Indiana University Health is seeking patients who have recovered from COVID-19 to donate blood plasma to aid critically ill patients battling the disease.
For those who have recovered from COVID-19, their blood may contain antibodies that are able to fight and control the virus. These antibodies can be collected from patients who have recovered from COVID-19 and be transfused to patients who are struggling with the disease. This process is called convalescent plasma infusion.
“At this point there are no vaccinations or proven medications to treat COVID-19,” said Nicolas Barros, MD, transplant infectious diseases specialist at IU Health and assistant professor of clinical medicine at IU School of Medicine. “The use of convalescent plasma is an investigational new treatment that could prove successful in the management of the disease.”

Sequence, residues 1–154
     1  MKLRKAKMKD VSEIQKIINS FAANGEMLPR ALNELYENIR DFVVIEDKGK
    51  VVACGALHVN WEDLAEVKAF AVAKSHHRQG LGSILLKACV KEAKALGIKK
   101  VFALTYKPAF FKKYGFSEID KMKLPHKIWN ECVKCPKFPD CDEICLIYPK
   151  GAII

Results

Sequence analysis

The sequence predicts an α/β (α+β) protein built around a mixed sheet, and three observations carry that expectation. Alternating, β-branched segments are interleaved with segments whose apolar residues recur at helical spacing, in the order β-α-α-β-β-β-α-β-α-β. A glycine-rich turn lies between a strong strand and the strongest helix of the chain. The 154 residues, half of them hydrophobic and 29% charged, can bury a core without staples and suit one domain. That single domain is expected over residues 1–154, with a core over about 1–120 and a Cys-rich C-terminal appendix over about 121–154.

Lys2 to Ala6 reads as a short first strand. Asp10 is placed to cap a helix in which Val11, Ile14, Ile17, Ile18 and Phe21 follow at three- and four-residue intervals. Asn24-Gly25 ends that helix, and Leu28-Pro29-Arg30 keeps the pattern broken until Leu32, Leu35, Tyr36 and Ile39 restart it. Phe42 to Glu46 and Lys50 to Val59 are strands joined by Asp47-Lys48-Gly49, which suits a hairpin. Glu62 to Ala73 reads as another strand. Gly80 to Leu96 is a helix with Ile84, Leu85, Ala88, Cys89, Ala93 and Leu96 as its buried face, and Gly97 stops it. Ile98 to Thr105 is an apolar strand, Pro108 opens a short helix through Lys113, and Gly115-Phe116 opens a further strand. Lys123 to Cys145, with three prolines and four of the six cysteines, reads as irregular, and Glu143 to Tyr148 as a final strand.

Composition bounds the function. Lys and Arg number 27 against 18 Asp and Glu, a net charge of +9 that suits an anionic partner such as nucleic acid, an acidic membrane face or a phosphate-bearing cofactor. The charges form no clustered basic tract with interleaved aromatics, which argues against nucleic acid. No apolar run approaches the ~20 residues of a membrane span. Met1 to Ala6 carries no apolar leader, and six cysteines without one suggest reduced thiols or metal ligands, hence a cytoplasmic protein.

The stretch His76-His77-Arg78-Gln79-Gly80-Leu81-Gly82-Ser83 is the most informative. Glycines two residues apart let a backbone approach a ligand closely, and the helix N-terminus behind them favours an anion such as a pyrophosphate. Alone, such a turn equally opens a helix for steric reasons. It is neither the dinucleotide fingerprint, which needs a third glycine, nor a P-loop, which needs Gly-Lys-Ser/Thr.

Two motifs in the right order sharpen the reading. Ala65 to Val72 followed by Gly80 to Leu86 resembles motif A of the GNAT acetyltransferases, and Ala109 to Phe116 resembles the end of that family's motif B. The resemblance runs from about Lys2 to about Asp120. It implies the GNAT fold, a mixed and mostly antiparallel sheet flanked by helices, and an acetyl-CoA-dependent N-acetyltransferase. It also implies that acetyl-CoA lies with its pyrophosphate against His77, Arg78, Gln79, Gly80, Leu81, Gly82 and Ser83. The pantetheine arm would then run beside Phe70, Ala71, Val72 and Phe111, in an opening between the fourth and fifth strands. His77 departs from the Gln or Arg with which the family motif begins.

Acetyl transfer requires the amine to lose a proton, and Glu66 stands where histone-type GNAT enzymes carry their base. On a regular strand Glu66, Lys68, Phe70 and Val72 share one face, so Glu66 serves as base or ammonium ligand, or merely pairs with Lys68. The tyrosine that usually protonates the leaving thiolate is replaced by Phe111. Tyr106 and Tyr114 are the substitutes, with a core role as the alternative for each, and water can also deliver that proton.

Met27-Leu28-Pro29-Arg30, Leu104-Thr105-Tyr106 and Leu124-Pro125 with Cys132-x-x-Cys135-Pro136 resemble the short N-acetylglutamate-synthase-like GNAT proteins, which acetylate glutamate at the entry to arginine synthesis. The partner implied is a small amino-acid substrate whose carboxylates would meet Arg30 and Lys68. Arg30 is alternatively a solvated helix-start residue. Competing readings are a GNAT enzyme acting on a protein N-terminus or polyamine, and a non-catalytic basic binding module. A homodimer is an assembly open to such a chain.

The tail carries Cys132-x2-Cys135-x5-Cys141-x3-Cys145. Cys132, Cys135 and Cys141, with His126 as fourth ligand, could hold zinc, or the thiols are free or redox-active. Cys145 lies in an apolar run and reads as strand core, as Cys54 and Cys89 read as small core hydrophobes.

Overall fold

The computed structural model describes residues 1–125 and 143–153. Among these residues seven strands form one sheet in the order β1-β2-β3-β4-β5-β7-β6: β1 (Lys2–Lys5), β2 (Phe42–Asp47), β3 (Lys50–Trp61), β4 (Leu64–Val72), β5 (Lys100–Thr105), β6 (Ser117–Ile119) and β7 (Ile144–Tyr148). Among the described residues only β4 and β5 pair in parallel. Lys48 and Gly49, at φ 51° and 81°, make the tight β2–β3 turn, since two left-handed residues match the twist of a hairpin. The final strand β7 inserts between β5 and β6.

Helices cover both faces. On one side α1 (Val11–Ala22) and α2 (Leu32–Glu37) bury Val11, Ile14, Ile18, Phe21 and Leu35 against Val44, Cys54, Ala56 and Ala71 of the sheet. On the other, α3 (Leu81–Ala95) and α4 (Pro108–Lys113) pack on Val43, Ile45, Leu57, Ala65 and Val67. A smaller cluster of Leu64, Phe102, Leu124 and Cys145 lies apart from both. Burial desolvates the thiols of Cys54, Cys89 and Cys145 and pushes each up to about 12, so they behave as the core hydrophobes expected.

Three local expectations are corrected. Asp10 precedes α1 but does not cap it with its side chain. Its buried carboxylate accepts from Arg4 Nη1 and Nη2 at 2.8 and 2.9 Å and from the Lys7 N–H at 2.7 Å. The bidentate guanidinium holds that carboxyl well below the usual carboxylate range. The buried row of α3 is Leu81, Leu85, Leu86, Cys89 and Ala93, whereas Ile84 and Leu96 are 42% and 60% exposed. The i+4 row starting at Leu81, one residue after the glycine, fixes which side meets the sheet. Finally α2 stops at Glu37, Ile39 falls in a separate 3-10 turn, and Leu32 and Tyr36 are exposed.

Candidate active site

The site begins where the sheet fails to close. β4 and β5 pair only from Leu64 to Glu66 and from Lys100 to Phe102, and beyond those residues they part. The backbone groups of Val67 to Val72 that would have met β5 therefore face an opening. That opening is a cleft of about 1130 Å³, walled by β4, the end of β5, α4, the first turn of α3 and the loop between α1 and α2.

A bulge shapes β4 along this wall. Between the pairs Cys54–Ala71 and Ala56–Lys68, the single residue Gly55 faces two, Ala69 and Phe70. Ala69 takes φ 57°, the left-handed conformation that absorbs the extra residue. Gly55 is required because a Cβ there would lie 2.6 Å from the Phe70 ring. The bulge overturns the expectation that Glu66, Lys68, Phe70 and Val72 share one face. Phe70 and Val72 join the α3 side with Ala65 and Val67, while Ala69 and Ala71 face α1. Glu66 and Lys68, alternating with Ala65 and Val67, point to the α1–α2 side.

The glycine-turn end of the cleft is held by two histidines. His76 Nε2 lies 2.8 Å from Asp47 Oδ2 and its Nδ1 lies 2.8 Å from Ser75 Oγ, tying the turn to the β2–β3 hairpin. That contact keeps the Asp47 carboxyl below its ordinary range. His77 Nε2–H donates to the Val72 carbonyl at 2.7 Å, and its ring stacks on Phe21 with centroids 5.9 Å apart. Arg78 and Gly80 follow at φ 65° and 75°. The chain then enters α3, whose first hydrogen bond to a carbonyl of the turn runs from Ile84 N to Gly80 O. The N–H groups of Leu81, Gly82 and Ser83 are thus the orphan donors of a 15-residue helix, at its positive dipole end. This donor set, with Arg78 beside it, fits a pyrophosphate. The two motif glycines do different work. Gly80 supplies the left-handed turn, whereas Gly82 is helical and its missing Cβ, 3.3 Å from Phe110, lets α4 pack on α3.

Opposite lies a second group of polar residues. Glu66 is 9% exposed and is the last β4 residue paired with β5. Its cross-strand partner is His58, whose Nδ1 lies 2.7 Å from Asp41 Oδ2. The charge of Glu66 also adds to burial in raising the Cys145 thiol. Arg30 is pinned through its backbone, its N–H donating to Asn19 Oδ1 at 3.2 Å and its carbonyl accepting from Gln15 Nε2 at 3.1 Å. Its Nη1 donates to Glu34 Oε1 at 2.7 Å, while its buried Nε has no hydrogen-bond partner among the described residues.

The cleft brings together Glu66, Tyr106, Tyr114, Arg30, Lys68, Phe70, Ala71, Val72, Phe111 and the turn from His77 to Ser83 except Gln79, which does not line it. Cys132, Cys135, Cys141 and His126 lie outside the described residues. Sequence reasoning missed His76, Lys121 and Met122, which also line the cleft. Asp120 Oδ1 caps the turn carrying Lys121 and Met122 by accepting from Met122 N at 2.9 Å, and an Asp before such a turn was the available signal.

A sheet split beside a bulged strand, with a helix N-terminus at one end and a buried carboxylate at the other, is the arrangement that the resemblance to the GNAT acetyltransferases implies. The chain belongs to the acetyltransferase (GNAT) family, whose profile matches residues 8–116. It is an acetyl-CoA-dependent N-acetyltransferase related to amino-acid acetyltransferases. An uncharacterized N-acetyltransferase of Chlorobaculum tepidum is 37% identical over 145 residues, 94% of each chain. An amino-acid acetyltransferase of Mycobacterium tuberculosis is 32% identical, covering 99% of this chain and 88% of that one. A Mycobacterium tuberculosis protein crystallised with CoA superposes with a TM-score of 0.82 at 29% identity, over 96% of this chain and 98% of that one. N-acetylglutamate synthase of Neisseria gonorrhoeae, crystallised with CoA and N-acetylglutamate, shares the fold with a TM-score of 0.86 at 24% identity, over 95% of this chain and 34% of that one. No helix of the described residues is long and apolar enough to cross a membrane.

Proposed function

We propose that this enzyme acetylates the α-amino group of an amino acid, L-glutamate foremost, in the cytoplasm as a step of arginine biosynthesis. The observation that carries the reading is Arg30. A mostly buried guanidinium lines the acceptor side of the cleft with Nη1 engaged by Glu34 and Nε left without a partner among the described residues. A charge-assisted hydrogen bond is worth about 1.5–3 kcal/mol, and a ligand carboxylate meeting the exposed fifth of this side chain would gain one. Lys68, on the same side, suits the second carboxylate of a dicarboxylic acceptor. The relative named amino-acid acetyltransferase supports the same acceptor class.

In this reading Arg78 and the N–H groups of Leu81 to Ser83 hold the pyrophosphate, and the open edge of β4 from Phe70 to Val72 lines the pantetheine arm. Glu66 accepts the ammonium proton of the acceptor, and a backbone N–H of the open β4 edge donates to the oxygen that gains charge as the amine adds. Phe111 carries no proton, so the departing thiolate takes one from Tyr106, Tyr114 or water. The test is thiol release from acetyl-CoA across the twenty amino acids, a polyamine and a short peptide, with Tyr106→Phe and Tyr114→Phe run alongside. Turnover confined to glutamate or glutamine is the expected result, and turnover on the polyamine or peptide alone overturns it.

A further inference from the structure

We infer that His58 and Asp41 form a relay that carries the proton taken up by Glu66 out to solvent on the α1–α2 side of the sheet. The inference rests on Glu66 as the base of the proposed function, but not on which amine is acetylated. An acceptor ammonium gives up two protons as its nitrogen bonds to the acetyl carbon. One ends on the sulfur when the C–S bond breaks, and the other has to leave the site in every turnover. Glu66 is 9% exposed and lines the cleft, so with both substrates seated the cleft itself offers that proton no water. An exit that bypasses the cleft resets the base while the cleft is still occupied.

The idea of a treatment derived from recovering patients dates as far back as the 1890s. Given the lack of available therapeutic options for COVID-19 and the potential benefits of convalescent plasma infusions, the Food and Drug Administration (FDA) has approved convalescent plasma as an investigational new drug.
“IU Health is uniquely positioned to leverage this investigative treatment thanks to our existing living donor program and close partnership with IU School of Medicine,” said Jonathan Gottlieb, MD, executive vice president and chief medical officer at IU Health. “Not only is it a potential way to develop effective treatments for this virus, it’s a gift from one donor that could impact multiple lives.”
Donors must be able to prove they had a COVID-19 diagnosis with a positive, documented laboratory test. Donors must also be symptom-free for 28 days. IU Health is working with blood centers to identify eligible plasma donors and facilitate the donations.